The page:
ST. ANDREWS, Scotland — Viktor Hovland smiles an awful lot for a villain. He didn’t ask for that label. He hasn’t done a single thing to deserve it—apart from having the audacity to match Rory McIlroy shot-for-shot on Saturday at the Old Course. He has emerged as the chief obstacle between McIlroy and what can only be described as Golfing Nirvana. How dare he.
Rory is the most popular golfer this side of Tiger Woods. He just is. It might’ve been Phil Mickelson not too long ago, but no longer. Rory’s Q-Rating has never been higher than this year, when he has emerged as the de facto spokesman for the good-guy half of the professional golf schism. The press adores him. When he holed out from a bunker for a most spectacular eagle on the par-4 10th, a good half of the press tent erupted in applause, not bothering to even try to conceal a bias that is only human. When they ask him questions, he thinks, and then he answers, and that’s more than you can say for plenty of his peers. The people who work behind the scenes at golf tournaments love him, for he treats them with respect and doesn’t act like he deserves special treatment because he’s excellent at a sport, and that’s more than you can say for plenty of his peers. The fans love him. They’re singing his name at the Old Course and at the pubs that dot this town, spurred on by a few pints, well into the early-morning hours. His fellow players love him. Everybody loves him.
If Martin Slumbers (R&A chief executive), Mike Whan (USGA), Jay Monahan (PGA Tour) and Keith Pelley (DP World Tour) had to collectively hand-pick the Champion Golfer for this, the 150th Open Championship at the Home of Golf, they’d pick Rory. He’s close. He looks ready—to end an eight-year major drought, to jumpstart a career for the ages, to win an Open at St. Andrews. That, in his own words, is the Holy Grail of Golf.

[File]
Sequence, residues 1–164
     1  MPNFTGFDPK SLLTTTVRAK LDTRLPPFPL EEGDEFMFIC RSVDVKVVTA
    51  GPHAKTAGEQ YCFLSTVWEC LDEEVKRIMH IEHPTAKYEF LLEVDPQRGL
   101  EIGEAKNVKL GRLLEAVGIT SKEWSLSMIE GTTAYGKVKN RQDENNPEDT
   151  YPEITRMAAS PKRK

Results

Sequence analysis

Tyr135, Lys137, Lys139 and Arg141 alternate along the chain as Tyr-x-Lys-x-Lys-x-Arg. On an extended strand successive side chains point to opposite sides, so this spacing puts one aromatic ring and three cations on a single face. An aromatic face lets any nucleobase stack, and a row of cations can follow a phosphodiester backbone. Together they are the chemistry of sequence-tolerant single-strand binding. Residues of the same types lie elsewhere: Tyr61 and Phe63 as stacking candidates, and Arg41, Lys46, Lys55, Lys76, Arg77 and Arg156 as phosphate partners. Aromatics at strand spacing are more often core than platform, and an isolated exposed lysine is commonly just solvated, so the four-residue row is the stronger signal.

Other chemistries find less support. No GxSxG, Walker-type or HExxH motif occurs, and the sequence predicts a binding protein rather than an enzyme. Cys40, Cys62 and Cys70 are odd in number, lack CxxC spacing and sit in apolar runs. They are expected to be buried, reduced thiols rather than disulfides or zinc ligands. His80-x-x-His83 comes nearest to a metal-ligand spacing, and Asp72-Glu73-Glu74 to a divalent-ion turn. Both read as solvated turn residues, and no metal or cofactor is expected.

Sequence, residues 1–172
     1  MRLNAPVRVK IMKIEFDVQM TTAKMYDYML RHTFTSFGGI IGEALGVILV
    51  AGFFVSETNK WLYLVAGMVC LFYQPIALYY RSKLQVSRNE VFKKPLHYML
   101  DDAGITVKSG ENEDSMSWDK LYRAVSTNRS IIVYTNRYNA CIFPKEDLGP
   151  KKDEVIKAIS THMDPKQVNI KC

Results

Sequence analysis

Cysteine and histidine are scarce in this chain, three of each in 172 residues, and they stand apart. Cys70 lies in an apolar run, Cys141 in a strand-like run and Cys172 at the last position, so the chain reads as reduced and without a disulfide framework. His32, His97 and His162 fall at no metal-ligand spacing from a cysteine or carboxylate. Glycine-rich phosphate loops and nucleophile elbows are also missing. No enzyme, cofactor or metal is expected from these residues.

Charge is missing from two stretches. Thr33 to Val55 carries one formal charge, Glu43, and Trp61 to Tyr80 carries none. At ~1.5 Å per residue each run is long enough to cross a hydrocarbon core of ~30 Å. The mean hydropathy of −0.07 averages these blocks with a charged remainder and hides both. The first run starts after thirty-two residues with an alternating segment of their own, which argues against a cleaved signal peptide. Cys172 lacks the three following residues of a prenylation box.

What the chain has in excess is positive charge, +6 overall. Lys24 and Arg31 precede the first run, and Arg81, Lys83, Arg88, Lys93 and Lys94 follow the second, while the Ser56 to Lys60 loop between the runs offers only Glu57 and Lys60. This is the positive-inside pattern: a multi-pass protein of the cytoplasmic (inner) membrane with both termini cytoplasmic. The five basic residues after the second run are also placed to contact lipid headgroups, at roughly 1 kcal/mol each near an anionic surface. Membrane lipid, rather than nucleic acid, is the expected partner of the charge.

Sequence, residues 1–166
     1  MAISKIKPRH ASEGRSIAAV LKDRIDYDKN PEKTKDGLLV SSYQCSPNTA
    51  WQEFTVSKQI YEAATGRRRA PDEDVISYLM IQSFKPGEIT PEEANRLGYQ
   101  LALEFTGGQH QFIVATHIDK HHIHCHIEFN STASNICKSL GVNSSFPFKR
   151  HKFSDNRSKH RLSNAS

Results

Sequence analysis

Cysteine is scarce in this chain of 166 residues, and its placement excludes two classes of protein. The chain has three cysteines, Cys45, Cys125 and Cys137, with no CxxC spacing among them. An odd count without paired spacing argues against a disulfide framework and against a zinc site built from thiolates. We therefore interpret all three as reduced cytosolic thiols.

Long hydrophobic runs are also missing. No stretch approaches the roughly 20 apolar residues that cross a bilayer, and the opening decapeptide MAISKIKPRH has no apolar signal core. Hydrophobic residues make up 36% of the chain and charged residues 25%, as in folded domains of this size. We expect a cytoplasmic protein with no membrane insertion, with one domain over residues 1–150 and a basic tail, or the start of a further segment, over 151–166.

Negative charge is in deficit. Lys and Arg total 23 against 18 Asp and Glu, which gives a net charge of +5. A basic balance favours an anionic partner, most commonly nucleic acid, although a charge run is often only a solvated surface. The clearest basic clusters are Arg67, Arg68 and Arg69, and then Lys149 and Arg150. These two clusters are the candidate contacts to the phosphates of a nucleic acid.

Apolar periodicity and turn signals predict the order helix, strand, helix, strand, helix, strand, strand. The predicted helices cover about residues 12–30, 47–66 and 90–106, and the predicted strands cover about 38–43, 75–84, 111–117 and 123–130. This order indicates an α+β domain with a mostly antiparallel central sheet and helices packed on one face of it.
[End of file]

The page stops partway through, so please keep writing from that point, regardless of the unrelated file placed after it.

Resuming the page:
McIlroy’s six-under 66 on Saturday was the continuation of a phenomenal summer of golf. He’s been building toward this 54-hole lead—which he shares with big, bad Viktor Hovland, and they’re four clear of the two Camerons in third—all summer. There was the final-round 64 at Augusta, the early lead at Southern Hills, the tour de force in Canada, the half-chance at Brookline. Data Golf pegs him as the world’s finest golfer at the moment. He’s looked the part all week, carrying himself with an equanimity that has rubbed off on his golf. The driver swing’s as rapid as ever, but there is not a hint of violence. The iron swing’s been in perfect rhythm, and his lag putting has been exceptional. So has his decision making. “I'm trying to play with discipline,” he said. “I'm trying to play the percentages.”
He’s staying within himself. Or trying to, at least. Even after that hole-out on 10 on Saturday, he made sure not to get too hyped. He can’t let himself think of what it would feel like, the sheer catharsis that would come with hoisting the claret jug on Sunday, for that’s the fastest way to ensure he doesn’t hoist the claret jug on Sunday. He’s making a conscious effort to avoid listening too much to the crowds, which have showered him with a pure adoration normally reserved for Woods.